Tuesday, March 20, 2007

Lay Learning - and bothering

I spent today at the General Synod Offices in Edinburgh, at a meeting of the Lay Learning Group. The composition of this small committee varies round a core, but the main point is that all but one of the dioceses are represented and we all feell we have our contribution to make. I always feel I'm more of a consumer than a provider, but realise after today's meeting that there's some work on the horizon as we plan a possible learning event in the autumn.

At this point the finer points are but a gleam in +Brian's eye, but there's an exciting buzz about this which I can only hope will grow louder.

And in one of these interesting side-tracks which always enliven a meeting, I learned of how people in one diocese had "decided not to bother" with the Lambeth-inaugurated Listening Process. I wonder if "bothering" should perhaps be a given for Christians - a sine qua non of our calling. Any thoughts?

8 comments:

  1. Setting aside the serious and the feell(as is my wont), I have this vision of you all sitting around spouting Sir Walter Scott or Thomas Babington Macaulay. Say it was so!

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  2. I was blogging sans specs - you can't expect me to spot a spare "l" here and there....

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  3. Oh yes I can! But what about the Lay Learning? Did you learn any?

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  4. No, no - any more than and education committee learns to conjugate verbs. We share ideas and resources and back up what is happening in the dioceses - and occasionally initiate provincial happenings. It's very good for someone from the wilds (like me) to be part of the wider scene - and to remind city slickers (like you) that the wider scene is out there.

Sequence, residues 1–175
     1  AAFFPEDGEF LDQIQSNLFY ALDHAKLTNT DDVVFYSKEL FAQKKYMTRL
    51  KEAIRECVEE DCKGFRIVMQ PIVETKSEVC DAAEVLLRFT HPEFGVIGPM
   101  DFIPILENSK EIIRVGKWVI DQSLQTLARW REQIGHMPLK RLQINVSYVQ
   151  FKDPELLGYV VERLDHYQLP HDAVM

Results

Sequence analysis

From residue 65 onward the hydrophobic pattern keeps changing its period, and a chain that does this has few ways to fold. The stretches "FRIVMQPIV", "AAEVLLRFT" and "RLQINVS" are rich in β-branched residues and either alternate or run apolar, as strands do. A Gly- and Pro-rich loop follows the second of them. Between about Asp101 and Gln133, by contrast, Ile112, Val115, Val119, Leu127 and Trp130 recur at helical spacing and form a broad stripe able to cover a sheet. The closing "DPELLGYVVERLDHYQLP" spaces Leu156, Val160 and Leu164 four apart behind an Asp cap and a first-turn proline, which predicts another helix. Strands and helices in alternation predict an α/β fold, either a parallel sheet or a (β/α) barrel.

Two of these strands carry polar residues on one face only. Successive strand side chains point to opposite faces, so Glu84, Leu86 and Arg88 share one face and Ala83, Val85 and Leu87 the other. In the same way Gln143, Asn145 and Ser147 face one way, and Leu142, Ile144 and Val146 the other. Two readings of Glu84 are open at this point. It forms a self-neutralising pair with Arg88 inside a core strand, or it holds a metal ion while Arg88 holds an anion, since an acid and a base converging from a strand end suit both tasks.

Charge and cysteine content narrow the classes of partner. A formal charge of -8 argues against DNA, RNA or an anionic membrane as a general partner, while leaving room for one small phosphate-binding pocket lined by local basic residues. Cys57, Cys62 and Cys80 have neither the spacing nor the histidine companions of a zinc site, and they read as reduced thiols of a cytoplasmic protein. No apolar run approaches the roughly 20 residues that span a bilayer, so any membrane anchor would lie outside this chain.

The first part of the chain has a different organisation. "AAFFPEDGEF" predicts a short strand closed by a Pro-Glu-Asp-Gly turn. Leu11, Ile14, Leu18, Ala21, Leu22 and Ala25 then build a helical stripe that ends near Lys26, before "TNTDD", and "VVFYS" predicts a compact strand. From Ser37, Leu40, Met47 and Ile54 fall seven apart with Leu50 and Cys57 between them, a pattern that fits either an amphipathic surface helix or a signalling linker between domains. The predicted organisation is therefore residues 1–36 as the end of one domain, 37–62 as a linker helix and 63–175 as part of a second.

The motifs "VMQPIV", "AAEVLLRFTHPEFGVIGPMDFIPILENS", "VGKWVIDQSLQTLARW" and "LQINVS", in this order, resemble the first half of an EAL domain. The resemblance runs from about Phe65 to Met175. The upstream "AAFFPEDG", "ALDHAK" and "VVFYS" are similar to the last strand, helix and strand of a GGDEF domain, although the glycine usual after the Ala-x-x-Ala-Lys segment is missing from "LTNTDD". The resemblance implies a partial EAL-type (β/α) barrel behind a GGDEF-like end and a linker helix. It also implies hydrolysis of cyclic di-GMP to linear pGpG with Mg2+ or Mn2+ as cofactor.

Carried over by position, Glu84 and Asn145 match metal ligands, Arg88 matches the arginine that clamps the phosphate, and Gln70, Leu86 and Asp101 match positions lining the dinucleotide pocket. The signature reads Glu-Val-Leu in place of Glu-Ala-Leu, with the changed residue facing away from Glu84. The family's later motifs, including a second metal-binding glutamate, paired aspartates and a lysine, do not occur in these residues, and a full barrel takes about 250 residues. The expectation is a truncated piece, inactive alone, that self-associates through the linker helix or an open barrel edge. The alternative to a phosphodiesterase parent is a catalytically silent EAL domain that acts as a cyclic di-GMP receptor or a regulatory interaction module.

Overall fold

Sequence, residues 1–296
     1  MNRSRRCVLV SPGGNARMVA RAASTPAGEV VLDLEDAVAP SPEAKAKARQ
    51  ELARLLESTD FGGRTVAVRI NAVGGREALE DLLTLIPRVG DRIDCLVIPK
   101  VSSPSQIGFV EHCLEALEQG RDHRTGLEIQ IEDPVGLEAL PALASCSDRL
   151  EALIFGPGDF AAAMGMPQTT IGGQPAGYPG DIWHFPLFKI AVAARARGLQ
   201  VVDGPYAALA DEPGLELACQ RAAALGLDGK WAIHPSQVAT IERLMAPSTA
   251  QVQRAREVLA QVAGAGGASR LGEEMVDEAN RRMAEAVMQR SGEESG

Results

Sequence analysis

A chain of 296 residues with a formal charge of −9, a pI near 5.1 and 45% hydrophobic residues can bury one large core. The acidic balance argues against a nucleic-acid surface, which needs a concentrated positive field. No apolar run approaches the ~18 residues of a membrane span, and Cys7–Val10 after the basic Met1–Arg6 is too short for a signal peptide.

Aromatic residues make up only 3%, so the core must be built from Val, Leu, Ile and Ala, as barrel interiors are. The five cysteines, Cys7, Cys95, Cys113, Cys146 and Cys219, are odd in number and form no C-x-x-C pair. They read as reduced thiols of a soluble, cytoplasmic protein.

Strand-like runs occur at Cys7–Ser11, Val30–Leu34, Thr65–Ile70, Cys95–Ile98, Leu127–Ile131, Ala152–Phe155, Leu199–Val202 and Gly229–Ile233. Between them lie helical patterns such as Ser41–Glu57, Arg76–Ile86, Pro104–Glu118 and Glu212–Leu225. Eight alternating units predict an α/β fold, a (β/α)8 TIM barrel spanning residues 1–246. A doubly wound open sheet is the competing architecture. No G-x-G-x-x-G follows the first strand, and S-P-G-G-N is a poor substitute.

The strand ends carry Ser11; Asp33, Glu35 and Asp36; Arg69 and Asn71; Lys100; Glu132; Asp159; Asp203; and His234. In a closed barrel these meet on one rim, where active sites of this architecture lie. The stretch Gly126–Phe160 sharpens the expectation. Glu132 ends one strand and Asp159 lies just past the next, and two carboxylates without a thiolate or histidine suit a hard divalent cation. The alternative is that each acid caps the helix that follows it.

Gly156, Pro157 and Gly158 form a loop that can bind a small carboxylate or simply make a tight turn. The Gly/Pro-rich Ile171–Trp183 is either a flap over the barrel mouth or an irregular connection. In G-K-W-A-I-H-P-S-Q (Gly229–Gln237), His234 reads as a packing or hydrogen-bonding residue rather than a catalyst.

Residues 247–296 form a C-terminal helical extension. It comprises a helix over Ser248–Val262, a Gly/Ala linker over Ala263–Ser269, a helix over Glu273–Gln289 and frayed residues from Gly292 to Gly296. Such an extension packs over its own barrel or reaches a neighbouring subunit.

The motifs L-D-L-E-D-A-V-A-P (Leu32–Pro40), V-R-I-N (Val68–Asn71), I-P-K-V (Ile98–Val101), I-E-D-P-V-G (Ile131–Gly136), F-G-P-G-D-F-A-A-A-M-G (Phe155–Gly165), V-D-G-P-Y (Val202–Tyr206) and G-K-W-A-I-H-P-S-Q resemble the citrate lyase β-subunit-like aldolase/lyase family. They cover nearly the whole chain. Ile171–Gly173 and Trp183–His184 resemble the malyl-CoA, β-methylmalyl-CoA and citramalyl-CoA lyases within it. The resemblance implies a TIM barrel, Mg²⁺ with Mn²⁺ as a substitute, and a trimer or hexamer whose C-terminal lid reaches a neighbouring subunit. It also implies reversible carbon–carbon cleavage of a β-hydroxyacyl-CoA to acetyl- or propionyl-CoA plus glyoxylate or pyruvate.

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  5. Bother. I keep spotting typos too late. It's other folks' PCs wot does it. Honest.

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  6. No lays learnt then? pity.

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  7. Kelvin6:53 PM

    More to the point, which of the dioceses are engaging in a listening process?

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  8. Well, at a recent clergy gathering it was much debated. Some of us said 'it's not optional; it has to happen, and it has to happen soon.' Others said,in effect, 'yes, but my congregation would not know how to cope with it; I need help.' Others yet claimed that all change takes time, talking is not productive, and we just have to wait for a generation to pass. I think the 'common mind' was that we need first to gather the clergy and ensure that everyone has facts to hand and some awareness of how to best facilitate a conversation. Then we need to take it to each congregation. But that is not in fact a listening process.

    Kelvin, you sketched out a church-wide listening process, but how would it best proceed on a congregational basis in places where the whole subject is still tabu?

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